Unmasking Medical Misinformation: Taking Aim at False Health Claims

By Alissa Kocer

The expanse of the internet, pervasive social media, and round-the-clock news sites have put a world’s worth of knowledge literally at our fingertips: with a click or two you can summon vast amounts of information about almost anything.

Unfortunately, a lot of it is wrong.

Often that doesn’t matter much. A false story about the origins of popcorn, for example, isn’t likely to make much tangible difference in anyone’s life, even if you repeat it to everyone you know.

Incorrect information about health and disease, however, can have devastating consequences, especially if it gets widely disseminated and accepted. Medical misinformation — the spread of false or misleading information related to health and medical topics — can lead people to make dangerous decisions, engage in harmful practices, avoid beneficial and life-saving preventive care and treatments, and otherwise put themselves and others at risk. It results in avoidable clinic and hospital admissions, billions of dollars in additional health care costs, needless illnesses, and deaths that could have been prevented.

Brian Southwell, PhD, adjunct professor in the Department of Medicine, and colleagues at Duke University School of Medicine are engaging with other researchers, medical professionals, and organizations in an effort to tamp down medical misinformation.

“’Misinformation’ itself has become a buzzword. We sometimes use the term without really thinking about what it means, but belief in false claims can lead to real harm if it undermines trust in established medical practices and institutions.”
-Brian Southwell, PhD

Medical misinformation can show up anywhere and everywhere: social media, websites, forums, television, videos, and even in-person conversations.

For example, as the COVID-19 pandemic raged on, a lot of attention was placed on hydroxychloroquine, a medication used to treat conditions like malaria and autoimmune diseases, to treat COVID-19. Despite limited scientific evidence, some people — even public figures — promoted the use of hydroxychloroquine and began self-medicating and hoarding the drug, keeping it from those who actually needed it.

According to an analysis by Brown University, over 300,000 COVID-19 deaths can be attributed to unfounded fears about the COVID vaccines, showing just how high the stakes of disinformation are.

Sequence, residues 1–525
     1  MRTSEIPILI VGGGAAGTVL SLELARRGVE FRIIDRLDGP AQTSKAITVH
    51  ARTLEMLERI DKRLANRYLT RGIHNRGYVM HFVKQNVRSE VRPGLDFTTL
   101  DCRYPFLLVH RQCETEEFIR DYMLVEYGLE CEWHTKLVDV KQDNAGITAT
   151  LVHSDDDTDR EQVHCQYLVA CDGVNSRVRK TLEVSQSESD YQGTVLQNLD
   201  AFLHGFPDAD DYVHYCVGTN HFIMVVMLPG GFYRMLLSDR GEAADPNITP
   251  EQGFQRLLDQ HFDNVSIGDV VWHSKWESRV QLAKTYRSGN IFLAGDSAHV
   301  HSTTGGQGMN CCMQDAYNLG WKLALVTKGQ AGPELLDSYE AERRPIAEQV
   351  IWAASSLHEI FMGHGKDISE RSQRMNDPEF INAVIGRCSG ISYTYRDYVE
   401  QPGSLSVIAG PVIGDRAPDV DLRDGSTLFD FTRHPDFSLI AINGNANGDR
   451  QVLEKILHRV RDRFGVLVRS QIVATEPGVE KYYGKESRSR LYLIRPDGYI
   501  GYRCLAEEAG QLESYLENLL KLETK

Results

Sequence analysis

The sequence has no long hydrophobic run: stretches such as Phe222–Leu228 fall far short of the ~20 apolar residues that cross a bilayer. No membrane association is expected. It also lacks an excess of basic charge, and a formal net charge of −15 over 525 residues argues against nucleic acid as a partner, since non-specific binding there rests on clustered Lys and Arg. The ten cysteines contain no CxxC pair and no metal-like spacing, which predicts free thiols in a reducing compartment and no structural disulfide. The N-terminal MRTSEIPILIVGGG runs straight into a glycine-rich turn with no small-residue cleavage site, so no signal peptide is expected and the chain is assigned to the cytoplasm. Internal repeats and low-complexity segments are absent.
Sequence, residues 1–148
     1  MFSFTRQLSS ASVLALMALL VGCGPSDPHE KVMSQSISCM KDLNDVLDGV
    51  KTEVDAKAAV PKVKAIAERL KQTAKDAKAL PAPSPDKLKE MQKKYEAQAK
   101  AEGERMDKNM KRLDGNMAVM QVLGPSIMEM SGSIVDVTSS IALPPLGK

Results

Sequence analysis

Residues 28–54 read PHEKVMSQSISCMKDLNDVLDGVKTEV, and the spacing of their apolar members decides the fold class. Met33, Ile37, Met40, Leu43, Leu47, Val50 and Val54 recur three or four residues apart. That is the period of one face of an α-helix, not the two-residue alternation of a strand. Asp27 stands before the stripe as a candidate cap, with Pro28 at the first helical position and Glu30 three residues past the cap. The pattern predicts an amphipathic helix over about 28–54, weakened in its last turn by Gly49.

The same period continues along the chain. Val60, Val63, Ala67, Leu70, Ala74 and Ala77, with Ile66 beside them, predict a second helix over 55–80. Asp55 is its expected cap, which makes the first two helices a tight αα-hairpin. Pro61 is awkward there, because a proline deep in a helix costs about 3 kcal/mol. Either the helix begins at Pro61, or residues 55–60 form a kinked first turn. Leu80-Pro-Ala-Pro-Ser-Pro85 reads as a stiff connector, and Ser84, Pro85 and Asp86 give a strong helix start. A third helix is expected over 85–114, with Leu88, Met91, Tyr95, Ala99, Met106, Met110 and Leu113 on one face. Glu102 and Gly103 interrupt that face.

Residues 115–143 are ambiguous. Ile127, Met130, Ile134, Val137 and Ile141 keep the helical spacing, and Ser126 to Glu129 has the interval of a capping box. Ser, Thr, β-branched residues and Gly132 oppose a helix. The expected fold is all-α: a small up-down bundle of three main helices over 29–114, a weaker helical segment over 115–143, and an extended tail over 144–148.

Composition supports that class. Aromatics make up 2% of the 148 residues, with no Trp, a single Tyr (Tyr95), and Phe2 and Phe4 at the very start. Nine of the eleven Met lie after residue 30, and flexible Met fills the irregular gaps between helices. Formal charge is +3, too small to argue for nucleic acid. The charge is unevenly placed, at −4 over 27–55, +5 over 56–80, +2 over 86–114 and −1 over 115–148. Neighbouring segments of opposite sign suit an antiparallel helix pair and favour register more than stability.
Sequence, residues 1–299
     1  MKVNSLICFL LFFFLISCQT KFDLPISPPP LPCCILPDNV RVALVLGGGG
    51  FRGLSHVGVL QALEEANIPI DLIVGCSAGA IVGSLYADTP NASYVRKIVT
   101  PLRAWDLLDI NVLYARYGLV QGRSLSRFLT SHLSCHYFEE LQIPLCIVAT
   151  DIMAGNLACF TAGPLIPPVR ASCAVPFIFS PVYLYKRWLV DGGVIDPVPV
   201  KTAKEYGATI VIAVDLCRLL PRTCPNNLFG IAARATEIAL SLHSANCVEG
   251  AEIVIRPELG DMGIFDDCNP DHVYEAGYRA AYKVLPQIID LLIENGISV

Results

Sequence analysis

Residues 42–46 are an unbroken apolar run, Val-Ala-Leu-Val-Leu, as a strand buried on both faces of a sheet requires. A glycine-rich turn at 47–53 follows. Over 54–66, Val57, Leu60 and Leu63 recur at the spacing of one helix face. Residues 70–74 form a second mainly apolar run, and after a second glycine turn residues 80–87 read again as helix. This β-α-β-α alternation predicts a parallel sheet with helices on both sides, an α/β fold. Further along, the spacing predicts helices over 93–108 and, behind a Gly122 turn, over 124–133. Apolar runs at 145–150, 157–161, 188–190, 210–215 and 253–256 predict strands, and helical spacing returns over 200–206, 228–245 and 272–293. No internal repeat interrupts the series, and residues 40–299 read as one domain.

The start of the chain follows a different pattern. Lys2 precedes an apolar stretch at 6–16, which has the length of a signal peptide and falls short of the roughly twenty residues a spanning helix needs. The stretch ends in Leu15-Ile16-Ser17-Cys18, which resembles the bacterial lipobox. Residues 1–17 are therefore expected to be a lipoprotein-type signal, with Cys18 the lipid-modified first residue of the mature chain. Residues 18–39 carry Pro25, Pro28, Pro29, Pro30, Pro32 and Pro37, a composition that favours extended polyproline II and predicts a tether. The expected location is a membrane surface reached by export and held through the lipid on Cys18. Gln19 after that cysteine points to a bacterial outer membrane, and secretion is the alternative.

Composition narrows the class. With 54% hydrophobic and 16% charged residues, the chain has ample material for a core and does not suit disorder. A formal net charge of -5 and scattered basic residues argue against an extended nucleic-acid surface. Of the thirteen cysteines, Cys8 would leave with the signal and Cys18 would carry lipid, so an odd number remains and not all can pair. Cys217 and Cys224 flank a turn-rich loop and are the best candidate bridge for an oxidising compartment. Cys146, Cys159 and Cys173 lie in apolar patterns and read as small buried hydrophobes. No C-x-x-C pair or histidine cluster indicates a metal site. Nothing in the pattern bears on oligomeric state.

In an effort to find better solutions, Duke University School of Medicine is co-hosting a National Forum on Best Practices to Address Health Misinformation: Healthcare Readiness and Response this November. Other co-hosts are RTI International, an independent, nonprofit research organization dedicated to conducting research that improves the human condition, and the Coalition for Trust in Health and Science, an organization with over 70 groups working together to advance trust and factual science-based decision making. The Duke Clinical and Translational Science Institute, which houses the Duke Program on Medical Misinformation, has also played an important role in organizing the event.

The event is designed to highlight innovations and provides space for attendees to help develop best practices and interventions for health care organizations and their partners to address medical misinformation.

“Duke has made a big effort to address medical misinformation, with leaders like Dean Mary Klotman opting to take a stand on this issue,” Southwell said, “Our goal with this forum has been to bring together health care leaders and practitioners to help brainstorm ideas for best practices and ways to mitigate misinformation.”

Stamping out medical misinformation will require a multifaceted approach that addresses misinformation in the media and online environments, in medical education, and at the community level. Forum attendees will discuss possible solutions and potential stumbling blocks at each level and hear from clinicians and physicians about their experiences with medical misinformation.

This is only one part of a growing effort to eliminate medical misinformation and mitigate its harms. Southwell, along with Nadine Barrett, PhD, associate professor in family medicine and community health, is working with the National Academy of Science, Engineering and Math (NASEM) committee on Understanding and Addressing Misinformation about Science. That eventually will result in a consensus report on the scope and consequences of misinformation about science.

“As we look across the country,” Southwell said, “we see a lot of headlines about misinformation in health and medicine. We need better engagement and widespread collaboration between many different types of organizations. Duke is helping to provide that.”

Story originally published in DukeMed Alumni News, Fall 2023.

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